From the Crikey grapevine, the latest tips and rumours …

Grassroots rooted. Labor might be toying with giving more power to grassroots members but not everyone has heard the message. Questions are being asked about why ALP powerbrokers including federal MP Martin Ferguson cancelled a meeting in Melbourne on Sunday, which was supposed to discuss whether the ALP should endorse candidates for the Darebin Council elections, or retain the existing policy of allowing any ALP member to stand.

Crikey hears text messages and phone calls went out at the last minute to cancel the meeting, but did not reach everyone, so some disappointed ALP card-holders turned up at the Darebin Community Health Centre for nothing.

Our tipster suggests the meeting was cancelled because of a small group of protesters campaigning about climate change, ALP link to developers, etc. Apparently some protesters saw the move to change the policy on council elections as a power-grab by Ferguson to install Labor puppets on the council.

“At least [those who attended] got to chat with the protesters, who were equally disappointed,” our insider said.

“So much for the all new grassroots push with the ALP! At least some people made new friends.”

Cutbacks at QBE. As jobs fall in swathes in areas like manufacturing and media, we hear the insurance sector is not immune. A source tells us market giant QBE has “quietly reduced its staffing in a death by a thousand cuts — closing call centres, centralising claims areas and sending jobs to Manila …”.

Our industry insider said dozens of Sydney staff were the latest to leave amid unwillingness to move to the new Parramatta building, due to be opened late this year. Last year it was reported the company had made up to 200 IT jobs redundant.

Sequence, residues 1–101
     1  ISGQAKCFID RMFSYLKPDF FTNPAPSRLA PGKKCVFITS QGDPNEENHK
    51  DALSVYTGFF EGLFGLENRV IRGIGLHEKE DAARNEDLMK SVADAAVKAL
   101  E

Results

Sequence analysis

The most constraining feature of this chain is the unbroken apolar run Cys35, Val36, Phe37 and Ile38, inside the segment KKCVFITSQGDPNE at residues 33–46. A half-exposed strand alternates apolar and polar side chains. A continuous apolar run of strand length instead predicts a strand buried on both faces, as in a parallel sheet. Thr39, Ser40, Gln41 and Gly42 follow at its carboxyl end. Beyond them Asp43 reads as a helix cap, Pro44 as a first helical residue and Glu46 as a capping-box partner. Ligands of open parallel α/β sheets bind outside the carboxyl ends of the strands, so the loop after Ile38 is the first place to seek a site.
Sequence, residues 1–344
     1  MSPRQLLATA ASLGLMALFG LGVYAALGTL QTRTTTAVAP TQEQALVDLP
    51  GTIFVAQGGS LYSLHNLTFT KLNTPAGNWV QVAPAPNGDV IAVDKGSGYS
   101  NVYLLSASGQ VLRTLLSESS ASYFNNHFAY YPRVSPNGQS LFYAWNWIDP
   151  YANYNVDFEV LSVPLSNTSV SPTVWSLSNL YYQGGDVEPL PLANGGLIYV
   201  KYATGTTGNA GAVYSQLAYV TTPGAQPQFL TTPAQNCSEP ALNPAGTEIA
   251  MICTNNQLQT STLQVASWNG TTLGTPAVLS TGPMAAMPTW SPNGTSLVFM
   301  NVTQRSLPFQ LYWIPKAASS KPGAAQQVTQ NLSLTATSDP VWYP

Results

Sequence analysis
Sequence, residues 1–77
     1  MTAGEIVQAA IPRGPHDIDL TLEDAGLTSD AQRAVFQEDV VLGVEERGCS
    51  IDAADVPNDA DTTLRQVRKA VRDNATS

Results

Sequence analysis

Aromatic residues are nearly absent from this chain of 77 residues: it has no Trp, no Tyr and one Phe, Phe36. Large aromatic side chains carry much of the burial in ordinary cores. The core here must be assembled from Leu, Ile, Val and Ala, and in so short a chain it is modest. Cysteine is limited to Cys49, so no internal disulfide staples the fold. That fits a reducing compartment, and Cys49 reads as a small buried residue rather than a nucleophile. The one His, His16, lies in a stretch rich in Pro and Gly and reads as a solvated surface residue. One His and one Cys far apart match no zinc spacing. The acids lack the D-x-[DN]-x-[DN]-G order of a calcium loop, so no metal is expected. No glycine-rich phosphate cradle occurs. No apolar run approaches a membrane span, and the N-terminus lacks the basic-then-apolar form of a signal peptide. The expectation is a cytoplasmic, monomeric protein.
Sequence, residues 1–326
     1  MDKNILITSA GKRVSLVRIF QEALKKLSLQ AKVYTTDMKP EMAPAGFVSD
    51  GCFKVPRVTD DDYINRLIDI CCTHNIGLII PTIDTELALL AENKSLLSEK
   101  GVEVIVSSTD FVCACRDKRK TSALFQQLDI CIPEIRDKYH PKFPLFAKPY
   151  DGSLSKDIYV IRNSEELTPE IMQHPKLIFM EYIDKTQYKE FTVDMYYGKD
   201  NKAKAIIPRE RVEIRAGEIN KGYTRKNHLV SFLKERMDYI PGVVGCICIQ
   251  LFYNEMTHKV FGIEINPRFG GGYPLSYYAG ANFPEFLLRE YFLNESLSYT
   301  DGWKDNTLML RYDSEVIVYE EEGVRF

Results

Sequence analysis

A spokesperson for QBE said the company had “recently undertaken some structural changes and as a consequence less than 100 roles have been made redundant in Australia”.

Less Manne-power at La Trobe. Arts students at La Trobe University hoping to do Robert Manne’s by invitation-only Politics in the Twentieth Century pre-honours subject may be out of luck. Manne has confirmed rumours he’ll be leaving his teaching role at the end of the year, telling Crikey he had long planned to retire from teaching at 65. “I’ve done enough of it, but I love it, I’ve always enjoyed it,” the hallowed academic said.

Manne said reports that ill health had affected his decision were not correct. The left-leaning intellectual plans to retain ties with the Bundoora-based campus via its “ideas and society” program. Manne is currently just 0.1 FTE at La Trobe (that’s one day a fortnight, folks).

The ABC pendulum. So perhaps the ABC is a little more sympathetic to the ALP than the Coalition after all. Crikey is compiling a list of former ABC staff who ended up as politicians (or candidates) for a political party, and thanks to a flurry of tips from Crikey readers — some of whom, like elephants, really don’t forget — we’ve had a late surge to Labor.

The list currently stands at 15 ABC types who’ve gone to Labor and 13 to the Coalition, but we’re sure Crikey readers will come up with some more names. And can it be really true that no ABC type has ever run as a Greens candidate? What would The Australian say? Help us update the list.

The curious case of the missing toilet. The Nationals might want to get rid of Rob, but did they have to get rid of Rob’s toilet? The Nats are running a “Get rid of Rob” website to entice people to donate to their campaign to win back Oakeshott’s seat of Lyne. As Crikey reported yesterday, the website originally featured an image of Oakeshott sitting on a large novelty toilet (see below).

Curiously, the website’s image has now been altered to obscure the toilet. Is this because of a protest by Micah Challenge Australia, the group that organised the toilet stunt outside Parliament House to draw attention to the plight of the 2.5 billion people in the world who don’t have access to decent sanitation?

Micah sent a statement to Crikey criticising the use of the image, which contained the memorable line: “As well as Mr Oakeshott, WA Liberal Senator Michaelia Cash was also photographed on the toilet at this event, expressing her support for the same cause.” That’s not the kind of sentence you hear every day.

Fairfax fun. At least one Crikey reader has been having some fun with the bid for editorial influence at Fairfax by mining magnate Gina Rinehart:

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